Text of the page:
Questioning Project Web Sites

Design professionals know the fees that they earn for construction administration rarely compensate them for the time spent and headaches incurred. An exciting, but controversial tool for construction administration is the project Web site.

By MARK C. FRIEDLANDER, Partner, and JAMES D. WEIER, Associate, Construction Group, Schiff Hardin and Waite, Chicago December 1, 2000

Design professionals know the fees that they earn for construction administration rarely compensate them for the time spent and headaches incurred. An exciting, but controversial tool for construction administration is the project Web site. These Web sites include several features to simplify and streamline project administration, such as photos and videos to minimize site visits; online drawing with markup and commentary; requests for information (RFIs) and other communications; and scheduling data and updates.

Productivity gains earned, however, may pale when compared with new risks implied by the technology.

Web site savings

Early in a project, the Web sites promote a collaborative effort among the project owner, engineer, architect and contractor and facilitate the flow of information among parties.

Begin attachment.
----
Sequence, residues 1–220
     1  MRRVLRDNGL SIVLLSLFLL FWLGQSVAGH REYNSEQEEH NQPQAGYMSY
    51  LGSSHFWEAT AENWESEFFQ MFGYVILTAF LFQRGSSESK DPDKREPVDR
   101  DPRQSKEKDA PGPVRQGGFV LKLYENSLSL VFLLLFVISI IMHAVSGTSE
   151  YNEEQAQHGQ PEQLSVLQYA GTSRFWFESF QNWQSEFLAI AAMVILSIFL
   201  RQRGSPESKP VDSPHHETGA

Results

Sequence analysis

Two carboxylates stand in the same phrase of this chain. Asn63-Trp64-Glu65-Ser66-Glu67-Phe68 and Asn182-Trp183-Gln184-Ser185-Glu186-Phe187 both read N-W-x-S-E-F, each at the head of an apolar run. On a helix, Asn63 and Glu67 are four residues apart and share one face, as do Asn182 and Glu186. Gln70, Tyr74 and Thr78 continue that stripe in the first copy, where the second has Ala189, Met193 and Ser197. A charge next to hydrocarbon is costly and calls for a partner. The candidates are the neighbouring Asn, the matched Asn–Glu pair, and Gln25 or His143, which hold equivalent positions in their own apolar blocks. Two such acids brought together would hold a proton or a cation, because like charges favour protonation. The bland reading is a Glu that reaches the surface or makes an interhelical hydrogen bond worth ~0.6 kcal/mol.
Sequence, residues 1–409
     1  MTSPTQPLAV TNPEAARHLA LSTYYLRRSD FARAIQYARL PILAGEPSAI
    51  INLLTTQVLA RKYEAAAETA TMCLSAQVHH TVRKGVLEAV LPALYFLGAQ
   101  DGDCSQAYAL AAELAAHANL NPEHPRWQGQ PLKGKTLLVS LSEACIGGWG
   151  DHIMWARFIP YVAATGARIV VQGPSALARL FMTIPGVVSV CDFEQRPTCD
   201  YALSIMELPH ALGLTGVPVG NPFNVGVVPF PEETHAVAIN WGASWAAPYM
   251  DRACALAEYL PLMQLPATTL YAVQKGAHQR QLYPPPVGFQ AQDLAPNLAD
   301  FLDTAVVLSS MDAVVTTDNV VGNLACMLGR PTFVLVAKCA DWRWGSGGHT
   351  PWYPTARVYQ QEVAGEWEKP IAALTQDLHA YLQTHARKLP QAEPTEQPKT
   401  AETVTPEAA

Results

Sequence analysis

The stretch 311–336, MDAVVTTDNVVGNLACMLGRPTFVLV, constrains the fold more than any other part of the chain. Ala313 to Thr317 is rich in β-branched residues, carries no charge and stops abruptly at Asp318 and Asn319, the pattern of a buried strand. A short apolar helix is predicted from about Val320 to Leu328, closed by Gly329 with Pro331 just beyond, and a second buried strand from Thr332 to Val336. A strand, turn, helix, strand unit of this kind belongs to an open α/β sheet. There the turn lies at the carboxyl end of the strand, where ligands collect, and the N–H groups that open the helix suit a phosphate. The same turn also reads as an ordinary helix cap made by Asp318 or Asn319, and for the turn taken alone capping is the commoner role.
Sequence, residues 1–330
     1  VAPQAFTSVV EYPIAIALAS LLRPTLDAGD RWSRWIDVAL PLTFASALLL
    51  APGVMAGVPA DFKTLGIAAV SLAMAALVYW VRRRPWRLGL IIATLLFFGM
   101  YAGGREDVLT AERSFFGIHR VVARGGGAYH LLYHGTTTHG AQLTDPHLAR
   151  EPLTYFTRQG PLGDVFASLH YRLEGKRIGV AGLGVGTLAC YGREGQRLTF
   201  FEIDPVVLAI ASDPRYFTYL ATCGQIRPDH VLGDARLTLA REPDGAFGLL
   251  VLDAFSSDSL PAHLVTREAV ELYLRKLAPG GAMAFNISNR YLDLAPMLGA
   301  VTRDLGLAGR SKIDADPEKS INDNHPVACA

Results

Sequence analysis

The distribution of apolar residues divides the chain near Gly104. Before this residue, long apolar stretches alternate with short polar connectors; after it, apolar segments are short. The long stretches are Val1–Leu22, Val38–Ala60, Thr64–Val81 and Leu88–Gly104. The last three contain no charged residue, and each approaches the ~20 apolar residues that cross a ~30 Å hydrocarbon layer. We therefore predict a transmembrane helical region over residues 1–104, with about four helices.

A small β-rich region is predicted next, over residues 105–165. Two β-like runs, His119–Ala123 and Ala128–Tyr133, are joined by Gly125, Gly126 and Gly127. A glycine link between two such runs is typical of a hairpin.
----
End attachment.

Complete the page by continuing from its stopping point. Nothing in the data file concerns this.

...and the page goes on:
There can be significant savings in soft costs, such as travel and reproduction expenses. During construction, a Web site can minimize time lag for the exchange of important information and ensure that all parties have access to the most up-to-date version of drawings, schedules and other data. In the event of a dispute, a Web site can provide detailed and accurate records of what communications were sent and received by the various parties-and when.

Unanswered questions

Several questions and potential problem arise: Who owns the Web site? In addition to the traditional agreement with the owner or architect, is another agreement needed between the engineer and a software or extranet site provider? Are the creation and maintenance costs included in general conditions, or are they reimbursable expenses?

Basic administration of the Web site brings up a host of important issues. Which software or extranet provider will be used, and who will make this decision? Who will be responsible for maintaining the Web site, and what contractual provisions will describe the degree of maintenance required? Who will be the “Webmaster” and decide which parties receive various levels of access? Who will back up the information on the site and how often, and who will keep possession of the backed-up data? Will the technology and software that are used today be archaic and undecipherable 10 years from now? How are these issues to be policed and enforced, and what happens to ownership or use of the web site in the event of default or termination?